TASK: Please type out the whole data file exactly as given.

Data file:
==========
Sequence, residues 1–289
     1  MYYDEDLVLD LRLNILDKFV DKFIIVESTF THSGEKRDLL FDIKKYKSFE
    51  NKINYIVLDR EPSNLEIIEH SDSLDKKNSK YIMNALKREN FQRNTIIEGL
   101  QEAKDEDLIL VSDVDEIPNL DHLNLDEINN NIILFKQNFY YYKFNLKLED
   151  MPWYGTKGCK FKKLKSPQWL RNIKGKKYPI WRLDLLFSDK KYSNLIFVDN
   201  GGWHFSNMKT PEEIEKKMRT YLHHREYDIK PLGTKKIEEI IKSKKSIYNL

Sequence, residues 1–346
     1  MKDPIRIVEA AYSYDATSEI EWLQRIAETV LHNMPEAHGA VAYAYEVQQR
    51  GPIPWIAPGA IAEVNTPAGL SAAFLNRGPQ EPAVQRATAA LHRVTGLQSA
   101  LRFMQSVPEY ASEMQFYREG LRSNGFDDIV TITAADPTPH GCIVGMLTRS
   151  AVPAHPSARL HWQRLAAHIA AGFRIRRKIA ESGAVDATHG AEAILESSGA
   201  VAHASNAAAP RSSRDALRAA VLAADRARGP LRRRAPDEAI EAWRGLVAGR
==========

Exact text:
Sequence, residues 1–289
     1  MYYDEDLVLD LRLNILDKFV DKFIIVESTF THSGEKRDLL FDIKKYKSFE
    51  NKINYIVLDR EPSNLEIIEH SDSLDKKNSK YIMNALKREN FQRNTIIEGL
   101  QEAKDEDLIL VSDVDEIPNL DHLNLDEINN NIILFKQNFY YYKFNLKLED
   151  MPWYGTKGCK FKKLKSPQWL RNIKGKKYPI WRLDLLFSDK KYSNLIFVDN
   201  GGWHFSNMKT PEEIEKKMRT YLHHREYDIK PLGTKKIEEI IKSKKSIYNL

Sequence, residues 1–346
     1  MKDPIRIVEA AYSYDATSEI EWLQRIAETV LHNMPEAHGA VAYAYEVQQR
    51  GPIPWIAPGA IAEVNTPAGL SAAFLNRGPQ EPAVQRATAA LHRVTGLQSA
   101  LRFMQSVPEY ASEMQFYREG LRSNGFDDIV TITAADPTPH GCIVGMLTRS
   151  AVPAHPSARL HWQRLAAHIA AGFRIRRKIA ESGAVDATHG AEAILESSGA
   201  VAHASNAAAP RSSRDALRAA VLAADRARGP LRRRAPDEAI EAWRGLVAGR